Moviegoers today are spoiled. We’ve seen everything – the splendor of Cameron’s Avatar (and for all that the plot was Dances with Smurfs, at least it was pretty), limitless budgets for limitless explosions, and enormous CGI armies. There’s choreographed fight scenes and star studded casts and grandeur everywhere.
It’s amazing, then, that some movies from fifty, sixty, seventy years ago still stand tall. The Haunting is one of those movies. It’s a story that makes the viewer ask “is this all in the character’s head, or is this real?” You hear the pounding on the door, and you’re forced to wonder if it’s a ghost or if it’s someone’s psychosis manifesting. This movie captures paranoia in such a brilliant, wonderful, and tense way. I don’t care that it’s black and white and fifty years old – if you can sit down and watch this with the lights off, you’ll get hooked and you’ll get jumpy.
(Word to the wise? Avoid the 1990’s remake. It’s HORRIBLE. Like, “stick your head in the garbage disposal” bad.)
So you’ll note The Ring on my first list but not Ringu. There’s a reason for this. Ringu, to me, was /less scary/. It was equally as good but scare for scare, I think it was the softer horror flick. I know some people will call me crazy, and that’s okay, but I’d even go so far as to debate that Ringu’s prequel is an even better movie than Ringu, so there. (And then the fanboys came and killed me and I never got to finish my horror movie posts.)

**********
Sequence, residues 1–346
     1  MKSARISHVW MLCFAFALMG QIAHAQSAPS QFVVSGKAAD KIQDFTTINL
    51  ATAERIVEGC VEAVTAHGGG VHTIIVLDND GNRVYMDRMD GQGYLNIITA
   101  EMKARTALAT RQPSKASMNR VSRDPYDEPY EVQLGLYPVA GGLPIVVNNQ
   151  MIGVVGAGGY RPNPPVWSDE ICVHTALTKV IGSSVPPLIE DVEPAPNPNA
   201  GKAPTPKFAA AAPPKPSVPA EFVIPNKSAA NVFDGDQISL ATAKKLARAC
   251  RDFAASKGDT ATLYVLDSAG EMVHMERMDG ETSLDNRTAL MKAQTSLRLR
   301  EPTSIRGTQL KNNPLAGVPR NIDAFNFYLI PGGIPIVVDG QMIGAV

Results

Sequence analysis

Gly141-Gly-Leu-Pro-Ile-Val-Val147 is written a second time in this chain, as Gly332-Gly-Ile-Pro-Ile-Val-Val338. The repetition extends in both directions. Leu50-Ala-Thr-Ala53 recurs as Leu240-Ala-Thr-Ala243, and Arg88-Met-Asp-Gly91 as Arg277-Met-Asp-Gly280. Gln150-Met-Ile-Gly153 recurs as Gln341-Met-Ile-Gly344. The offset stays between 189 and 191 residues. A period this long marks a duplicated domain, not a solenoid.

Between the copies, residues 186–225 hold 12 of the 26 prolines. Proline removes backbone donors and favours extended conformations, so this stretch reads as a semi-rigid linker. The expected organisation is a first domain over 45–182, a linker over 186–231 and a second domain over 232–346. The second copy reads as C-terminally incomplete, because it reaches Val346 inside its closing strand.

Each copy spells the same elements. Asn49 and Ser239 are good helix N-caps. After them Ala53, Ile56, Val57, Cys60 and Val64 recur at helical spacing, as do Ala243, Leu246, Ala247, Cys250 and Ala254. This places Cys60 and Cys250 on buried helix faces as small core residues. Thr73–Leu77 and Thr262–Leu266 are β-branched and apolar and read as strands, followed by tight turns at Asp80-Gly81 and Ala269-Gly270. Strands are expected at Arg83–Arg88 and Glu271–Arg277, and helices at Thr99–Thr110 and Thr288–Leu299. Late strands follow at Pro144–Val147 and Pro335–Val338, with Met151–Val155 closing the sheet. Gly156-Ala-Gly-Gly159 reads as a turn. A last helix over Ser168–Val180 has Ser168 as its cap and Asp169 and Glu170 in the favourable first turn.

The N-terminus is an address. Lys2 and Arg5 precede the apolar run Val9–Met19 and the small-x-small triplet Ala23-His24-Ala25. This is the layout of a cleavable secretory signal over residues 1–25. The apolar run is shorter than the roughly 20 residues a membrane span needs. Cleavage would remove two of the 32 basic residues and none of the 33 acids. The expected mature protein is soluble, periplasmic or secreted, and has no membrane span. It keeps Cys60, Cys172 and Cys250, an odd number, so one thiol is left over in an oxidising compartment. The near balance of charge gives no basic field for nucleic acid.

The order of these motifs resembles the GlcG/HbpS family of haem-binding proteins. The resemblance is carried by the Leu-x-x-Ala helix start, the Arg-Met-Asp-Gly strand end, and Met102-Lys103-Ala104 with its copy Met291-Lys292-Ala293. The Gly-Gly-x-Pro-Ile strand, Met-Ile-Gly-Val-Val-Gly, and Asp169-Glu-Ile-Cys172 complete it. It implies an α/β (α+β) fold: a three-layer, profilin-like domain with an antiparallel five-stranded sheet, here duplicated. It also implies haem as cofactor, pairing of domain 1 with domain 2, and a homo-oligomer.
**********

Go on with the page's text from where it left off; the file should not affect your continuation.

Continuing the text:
But, but wait! That’s not the case for Ju-on versus the Americanized Grudge. PLEASE STOP HURTING ME.
Now, the Sarah Michelle Gellar version is good, but the problem is it’s a direct lift of the original movie. They don’t deviate much at all. So, if they’re not going to improve on the original or spin it as their own, why bother remaking it? Cause Ju-on itself is FUCKING SCARY. Not only does it fit into the “creepy kids are the worst things ever” category, but it has a new, horrible category of “a noise that will never leave you.” The mother ghost makes this awful groaning screech that . . . ugh. UGH. It’s terrible. Someone makes the noise around you, you’ll whirl around and beat them with your shoe. Why? ‘Cause you’re sensible. That shit is evil, no joke.
Tucker and Dale is a different type of horror than everything else I’ve listed in that it’s a comedy horror. It’s supposed to be as funny as it is dark/scary. There’s a lot of these movies going around these days, and even a couple more on my future list, but we’ll address them later.
I won’t say that there’s much in the way of scares in Tucker and Dale, though there are some truly cringe-worthy moments (see the wood chipper scene and the collapsing beam with the nails – use your imaginations.) It’s clear that the writers adore slasher flicks and wanted to make an “ode” to their favorites. And they succeeded beautifully! Not only is this hysterical, but you’ll find yourself on the edge of your seat waiting for the next thing to go brilliantly wrong. And it will go wrong, cause . . . well. Cause if it didn’t, there wouldn’t be much of a movie, now would there? Tucker and Dale is one of those movies I wouldn’t hesitate to break out at a party, because even if you’re not a horror fan, you can appreciate the ridiculousness of the story and how fuck-amazing Alan Tudyk is as a comedic actor.
(TO BE CONTINUED . . . )